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Highlights From The Medicare Policy Summit: What’s On The Mind Of The Congressional Budget Office (CBO)?

There is no doubt in anyone’s mind that the U.S. healthcare system, in its current form, is financially unsustainable. Many in Washington believe that 2009 will usher in more sweeping reform than we’ve seen in decades. I attended the Medicare Policy Summit (along with about 100+ industry insiders and one other physician, Dr. Nancy Nielsen) to try to read the “tea leaves” regarding Medicare’s likely reform – and how that will impact the healthcare system in general.

I took 49 pages of notes during the two-day conference, but will spare you the gory details and simply capture (in a series of blog posts) what I found to be the most interesting parts of the discussion. This post is devoted to highlights from Bruce Vavricheck’s lecture, “The President’s Budget and What It Means for Entitlements.”

Bruce Varvichek is the Assistant Director for Health and Human Resources, Congressional Budget Office.

Bruce explained that if we continue on our current healthcare spending path, over 50% of all federal spending will go towards funding Medicare, Medicaid, and Social Security entitlement programs by 2018.

What are the underlying causes for this rapid rate of growth in spending?

1.    Chronic Illness. The sickest, top 5% of Medicare beneficiaries account for 43% of all Medicare spending. Cost containment should focus on identifying these 5% early, and intervening so as to prevent advancement of disease where possible. Solution: The “medical home” model may help to identify people who are likely to become sick, and engage them in preventive health programs early.
2.    Obesity. Rises in obesity rates is directly related to increased heart disease, diabetes, cancer, and other chronic disease prevalence. The fastest growing segment of the population that is becoming obese is the high income bracket. Bruce concludes: “This can’t just be explained by McDonald’s.”
3.    Non outcomes-based spending. Medicare beneficiaries with the same medical conditions receive widely different medical services depending on where they are in the country. More services, however, do not correlate with improved outcomes.
Solution: Comparative Effectiveness Research

What changes in Medicare benefits is the Congressional Budget Office considering?

1.    Creating Medicare insurance buy-in for people ages 62-64.
2.    Reduce or eliminate 24 month waiting period for disabled people to become eligible for Medicare.
3.    Increase the age of eligibility of Medicare beneficiaries to 67. This encourages people to work longer since average lifespan has been steadily increasing.

CBO Strategies to improve quality and efficiency of care:

1.    Bundle Medicare payments so that hospital and post-acute care are linked. This will incentivize hospitals to do a better job of follow up once patients are discharged from the hospital.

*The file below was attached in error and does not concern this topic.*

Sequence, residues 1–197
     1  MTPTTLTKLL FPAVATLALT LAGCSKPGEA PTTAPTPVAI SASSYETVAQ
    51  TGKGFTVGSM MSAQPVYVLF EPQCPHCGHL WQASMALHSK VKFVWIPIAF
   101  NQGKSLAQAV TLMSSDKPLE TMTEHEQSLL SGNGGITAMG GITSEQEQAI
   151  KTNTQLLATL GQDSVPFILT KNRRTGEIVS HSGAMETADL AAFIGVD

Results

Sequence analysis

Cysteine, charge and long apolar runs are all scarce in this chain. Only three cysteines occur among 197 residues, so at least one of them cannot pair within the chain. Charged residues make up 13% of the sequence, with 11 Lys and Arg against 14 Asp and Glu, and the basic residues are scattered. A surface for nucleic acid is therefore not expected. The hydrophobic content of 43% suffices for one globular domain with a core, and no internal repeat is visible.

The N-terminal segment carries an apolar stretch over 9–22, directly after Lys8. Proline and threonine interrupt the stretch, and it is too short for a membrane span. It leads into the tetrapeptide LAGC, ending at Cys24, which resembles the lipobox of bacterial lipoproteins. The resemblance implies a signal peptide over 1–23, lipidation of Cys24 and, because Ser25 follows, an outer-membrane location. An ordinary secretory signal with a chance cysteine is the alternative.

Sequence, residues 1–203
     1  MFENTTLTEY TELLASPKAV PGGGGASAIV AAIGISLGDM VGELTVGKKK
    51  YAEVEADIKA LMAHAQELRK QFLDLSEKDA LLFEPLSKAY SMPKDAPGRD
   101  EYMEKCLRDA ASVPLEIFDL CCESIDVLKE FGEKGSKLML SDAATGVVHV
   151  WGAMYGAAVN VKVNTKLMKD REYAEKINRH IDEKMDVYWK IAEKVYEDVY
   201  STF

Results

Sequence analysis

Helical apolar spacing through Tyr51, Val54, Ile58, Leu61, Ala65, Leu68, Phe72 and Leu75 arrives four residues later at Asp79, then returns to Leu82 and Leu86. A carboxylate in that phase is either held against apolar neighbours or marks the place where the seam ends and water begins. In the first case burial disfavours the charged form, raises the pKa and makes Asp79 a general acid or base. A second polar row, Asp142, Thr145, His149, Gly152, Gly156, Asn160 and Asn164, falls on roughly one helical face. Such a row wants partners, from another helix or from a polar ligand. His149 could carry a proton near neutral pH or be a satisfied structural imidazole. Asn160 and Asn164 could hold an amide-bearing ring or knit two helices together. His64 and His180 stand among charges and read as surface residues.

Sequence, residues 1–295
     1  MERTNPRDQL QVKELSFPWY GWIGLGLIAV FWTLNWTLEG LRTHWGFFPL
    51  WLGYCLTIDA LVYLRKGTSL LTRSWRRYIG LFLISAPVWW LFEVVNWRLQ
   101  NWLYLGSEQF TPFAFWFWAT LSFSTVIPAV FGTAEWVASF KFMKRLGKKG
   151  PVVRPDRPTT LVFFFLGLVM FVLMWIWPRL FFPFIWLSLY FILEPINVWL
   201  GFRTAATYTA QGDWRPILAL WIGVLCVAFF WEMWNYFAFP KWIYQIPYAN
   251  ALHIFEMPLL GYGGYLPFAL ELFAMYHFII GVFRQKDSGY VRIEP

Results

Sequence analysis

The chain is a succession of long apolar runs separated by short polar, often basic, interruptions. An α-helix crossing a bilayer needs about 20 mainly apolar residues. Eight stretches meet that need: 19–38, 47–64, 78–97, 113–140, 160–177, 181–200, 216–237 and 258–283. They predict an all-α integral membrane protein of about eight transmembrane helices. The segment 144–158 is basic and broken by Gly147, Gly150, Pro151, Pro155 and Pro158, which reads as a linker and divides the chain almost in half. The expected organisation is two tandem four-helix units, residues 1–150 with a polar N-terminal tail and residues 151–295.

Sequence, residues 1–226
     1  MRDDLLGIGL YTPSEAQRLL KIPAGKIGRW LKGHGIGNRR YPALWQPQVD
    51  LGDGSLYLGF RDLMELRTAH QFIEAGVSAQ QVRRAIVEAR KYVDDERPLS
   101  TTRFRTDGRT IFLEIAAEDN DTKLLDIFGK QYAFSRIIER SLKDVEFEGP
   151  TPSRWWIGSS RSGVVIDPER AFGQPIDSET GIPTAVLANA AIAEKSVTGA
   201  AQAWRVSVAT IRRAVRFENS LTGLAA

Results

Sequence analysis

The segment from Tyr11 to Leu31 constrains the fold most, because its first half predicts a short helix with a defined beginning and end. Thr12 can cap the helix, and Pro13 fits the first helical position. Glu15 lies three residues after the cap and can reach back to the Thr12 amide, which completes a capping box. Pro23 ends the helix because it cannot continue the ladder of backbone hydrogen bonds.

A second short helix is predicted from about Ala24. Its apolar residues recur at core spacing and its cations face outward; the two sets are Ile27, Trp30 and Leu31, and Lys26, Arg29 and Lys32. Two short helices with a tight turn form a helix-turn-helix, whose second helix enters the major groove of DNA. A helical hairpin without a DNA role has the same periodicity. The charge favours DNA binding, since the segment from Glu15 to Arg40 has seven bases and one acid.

2.    Reduce payments (after risk-adjustment) to hospitals with higher re-admission rates.
3.    Offer physicians performance-based payments for managing and coordinating care for their patients (the medical home model).
4.    Create incentives and penalties to promote adoption and use of HIT.

CBO strategies to streamline payment structure and benefits:

1.    Modify the Sustainable Growth Rate (SGR) formula used to determine payments to physicians. Put a cap on total spending.
2.    Change Medicare Advantage program to fee for service.
3.    Replace the current beneficiary cost-sharing structure with a unified deductible and uniform cost-sharing plan. Add catastrophic limit for out-of-pocket spending.
4.    Require drug manufacturers to pay a rebate to Medicare for drugs covered in Part D.
5.    Fill in the “donut hole” in Part D.

***

Next up: Grace Marie Turner and the free market gang debate the merits of a government-run healthcare system.


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4 Responses to “Highlights From The Medicare Policy Summit: What’s On The Mind Of The Congressional Budget Office (CBO)?”

  1. Parrot says:

    Heart disease has been on the decline for decades. Cancer is on the decline as well. And according to studies of the NHANES data, the rate of diabetes has remained pretty stable.

    By what logic can anybody argue that these diseases are taking up an ever increasing chunk of health care dollars?

  2. Parrot says:

    Heart disease has been on the decline for decades. Cancer is on the decline as well. And according to studies of the NHANES data, the rate of diabetes has remained pretty stable.

    By what logic can anybody argue that these diseases are taking up an ever increasing chunk of health care dollars?

  3. Deron S. says:

    CBO's top three cost drivers make it perfectly clear that a lot of the reform discussion out there is misguided. We need to directly address the increasingly unhealthy lifestyles of the population to bring down the rates of chronic illness and obesity. Nearly all available healthcare resources should be allocated to that mission. Things like HIT, universal healthcare and restructuring healthcare financing should be secondary initiatives, not primary.

  4. Deron S. says:

    CBO's top three cost drivers make it perfectly clear that a lot of the reform discussion out there is misguided. We need to directly address the increasingly unhealthy lifestyles of the population to bring down the rates of chronic illness and obesity. Nearly all available healthcare resources should be allocated to that mission. Things like HIT, universal healthcare and restructuring healthcare financing should be secondary initiatives, not primary.

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